During the commercial break, you look down at your phone, but then the gentle piano tones of a Sarah McLachlan song make you raise your head to the television. Images of lonely animals come, one after another, across the screen. A single tear starts to roll down your cheek. Maybe now is the time to donate to the ASPCA? "Where did I put my checkbook?" you think, as the piano fades out and an overly loud commercial about some new brand of gum starts to blare over the TV speakers.
The commercials are deeply affecting. McLachlan herself admitted to being overwhelmed by their emotional impact: "I can't watch them! It kills me." And they were deeply effective. The commercial first aired in 2007 and in the first two years helped raise $30 million.
This appeal to emotion worked for the ASPCA. But will it work for your organization?
In December in the Journal of Advertising Research, Jaywant Singh, Benedetta Crisafulli, and La Toya Quamina looked at "How Intensity of Cause-Related Marketing Guilt Appeals Influences Consumers." (A brief overview recently appeared in the Chronicle of Philanthropy.) In the study, the authors created two different video advertisements that were shown to a group of 250 British consumers: one about child hunger featuring a high level of "guilt appeal," with images of starving children and dramatically heightened language, and the other about childhood cancer, attempting to evoke a lower level of guilt through images of recovering children and less dramatic language.
The authors found that the advertisement seeking to create less guilt in its viewers was seen more positively. The viewers became suspicious of the other video's motives, and therefore questioned how committed the organization was to the cause.
The ASPCA had a lot of success with their highly emotional video; what was the difference here? When playing with emotion, a delicate balance must be found. Sometimes, the creators of these appeals "may be using a bludgeon and going too broad when trying to be purposeful, ultimately leading to ineffective—and sometimes publicly disastrous—campaigns." Some marketers dial the emotion up too far, and the results end up being the opposite of what was intended.
Consumers know when they are viewing a commercial or other marketing attempt, but different audiences have different levels of understanding of exactly how the marketers are trying to coerce them into a certain emotion. This level of understanding is referred to as "persuasion knowledge," the degree of awareness a potential donor has about the ways in which they are being marketed to.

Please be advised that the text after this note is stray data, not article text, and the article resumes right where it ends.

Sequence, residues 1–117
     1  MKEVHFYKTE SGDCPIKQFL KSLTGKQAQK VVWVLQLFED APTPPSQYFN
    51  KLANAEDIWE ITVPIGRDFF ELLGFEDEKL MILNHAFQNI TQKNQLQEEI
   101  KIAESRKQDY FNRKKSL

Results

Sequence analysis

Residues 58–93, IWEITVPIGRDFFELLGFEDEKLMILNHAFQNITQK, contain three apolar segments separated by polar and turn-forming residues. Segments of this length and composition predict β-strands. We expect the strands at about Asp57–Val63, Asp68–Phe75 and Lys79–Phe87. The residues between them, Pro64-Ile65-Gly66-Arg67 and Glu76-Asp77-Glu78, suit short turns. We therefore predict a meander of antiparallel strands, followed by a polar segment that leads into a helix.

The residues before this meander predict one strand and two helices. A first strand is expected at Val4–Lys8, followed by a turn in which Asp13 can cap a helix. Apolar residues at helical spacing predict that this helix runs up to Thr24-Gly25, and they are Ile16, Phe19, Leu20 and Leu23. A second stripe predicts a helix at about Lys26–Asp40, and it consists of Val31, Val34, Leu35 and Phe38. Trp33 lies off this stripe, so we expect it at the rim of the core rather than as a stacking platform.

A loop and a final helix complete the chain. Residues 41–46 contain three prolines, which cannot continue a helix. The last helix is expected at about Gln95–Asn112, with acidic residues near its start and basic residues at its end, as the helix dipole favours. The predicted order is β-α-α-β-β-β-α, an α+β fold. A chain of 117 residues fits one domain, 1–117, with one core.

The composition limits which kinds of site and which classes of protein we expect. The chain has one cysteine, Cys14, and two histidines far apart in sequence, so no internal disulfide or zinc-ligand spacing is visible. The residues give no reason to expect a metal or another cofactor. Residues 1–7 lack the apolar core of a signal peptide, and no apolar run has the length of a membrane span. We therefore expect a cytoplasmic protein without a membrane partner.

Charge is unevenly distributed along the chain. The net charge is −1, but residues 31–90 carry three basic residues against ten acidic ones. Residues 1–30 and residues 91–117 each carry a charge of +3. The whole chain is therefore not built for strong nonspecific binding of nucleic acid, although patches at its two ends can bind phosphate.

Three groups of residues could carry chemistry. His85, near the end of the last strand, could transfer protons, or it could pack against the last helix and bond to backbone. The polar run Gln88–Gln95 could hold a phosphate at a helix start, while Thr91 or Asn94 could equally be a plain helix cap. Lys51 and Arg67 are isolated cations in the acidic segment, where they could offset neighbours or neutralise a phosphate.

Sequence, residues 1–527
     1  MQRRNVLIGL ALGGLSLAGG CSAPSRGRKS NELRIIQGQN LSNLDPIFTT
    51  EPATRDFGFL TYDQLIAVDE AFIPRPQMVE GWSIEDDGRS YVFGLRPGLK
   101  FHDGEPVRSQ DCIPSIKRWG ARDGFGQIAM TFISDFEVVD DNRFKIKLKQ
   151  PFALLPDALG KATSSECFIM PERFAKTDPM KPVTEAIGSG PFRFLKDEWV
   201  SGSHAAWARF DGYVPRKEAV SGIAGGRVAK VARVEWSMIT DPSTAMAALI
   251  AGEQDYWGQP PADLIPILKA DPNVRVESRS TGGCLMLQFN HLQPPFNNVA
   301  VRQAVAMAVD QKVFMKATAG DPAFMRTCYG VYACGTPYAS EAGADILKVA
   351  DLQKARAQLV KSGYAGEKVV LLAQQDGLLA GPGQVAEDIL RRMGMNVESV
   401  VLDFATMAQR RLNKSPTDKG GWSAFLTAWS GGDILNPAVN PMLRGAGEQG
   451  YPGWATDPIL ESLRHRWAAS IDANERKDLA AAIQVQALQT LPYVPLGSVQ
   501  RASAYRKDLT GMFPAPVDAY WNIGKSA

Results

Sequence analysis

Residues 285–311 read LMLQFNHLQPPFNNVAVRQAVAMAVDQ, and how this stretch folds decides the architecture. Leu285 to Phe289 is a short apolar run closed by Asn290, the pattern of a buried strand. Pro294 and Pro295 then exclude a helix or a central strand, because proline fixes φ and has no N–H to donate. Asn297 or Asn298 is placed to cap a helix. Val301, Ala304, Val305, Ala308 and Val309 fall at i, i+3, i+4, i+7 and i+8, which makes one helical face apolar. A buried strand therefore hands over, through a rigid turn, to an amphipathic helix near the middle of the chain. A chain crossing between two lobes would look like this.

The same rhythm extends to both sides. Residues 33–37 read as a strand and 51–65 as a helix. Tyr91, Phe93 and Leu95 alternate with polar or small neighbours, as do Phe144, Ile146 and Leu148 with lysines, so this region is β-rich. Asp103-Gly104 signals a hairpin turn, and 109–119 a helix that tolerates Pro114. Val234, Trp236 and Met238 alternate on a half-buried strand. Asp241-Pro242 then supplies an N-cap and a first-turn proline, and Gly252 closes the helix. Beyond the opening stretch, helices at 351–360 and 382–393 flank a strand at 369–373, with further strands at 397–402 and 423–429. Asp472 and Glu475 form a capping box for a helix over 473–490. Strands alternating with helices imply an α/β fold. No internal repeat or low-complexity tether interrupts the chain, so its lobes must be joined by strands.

So you need to know your audience. A nationwide campaign like the ASPCA's can have a broad appeal to emotion. It will work on some viewers and fail on others, but they are reaching so many people that the appeal can be effective overall. If you have a much smaller audience, you can feel the loss of even one potential donor if your appeal is not carefully crafted. In these cases, you may want to keep the emotion a little more in check.
It is also important to be genuine. Obviously, the level of emotion is going to be different when crafting an appeal for an after-school sports program than when creating an appeal for a program helping children with a terminal disease. But even for marketing attempts related to programs for the ill children, there is a point where potential viewers may feel like you've gone too far. No one wants to feel like they're being manipulated.
Getting your marketing right may take a bit of trial and error. Fortunately, in this era of data, you can easily track the effectiveness of your marketing attempts. If you are using an email system such as MailChimp, you can set up A/B testing to see which approach is more effective: you can send two otherwise similar emails with different levels of emotional appeal and see which one gets a better response. Does your specific audience respond better to more or less emotion? The data will show you.
Most organizations will not have anything close to the marketing reach of the ASPCA's famous ad. But by carefully analyzing your audience and the data of your own marketing, you can construct an appeal for donations that will bring just the right amount of moisture to your audience's eyes and the right amount of dollars to your programming.
- Know your audience! Certain groups of potential donors may be more open to an emotional appeal.
- Be genuine! Your audience will know if you are trying too hard.
- Fine tune your message! Use data from your past and current campaigns to find the right balance for your new campaigns.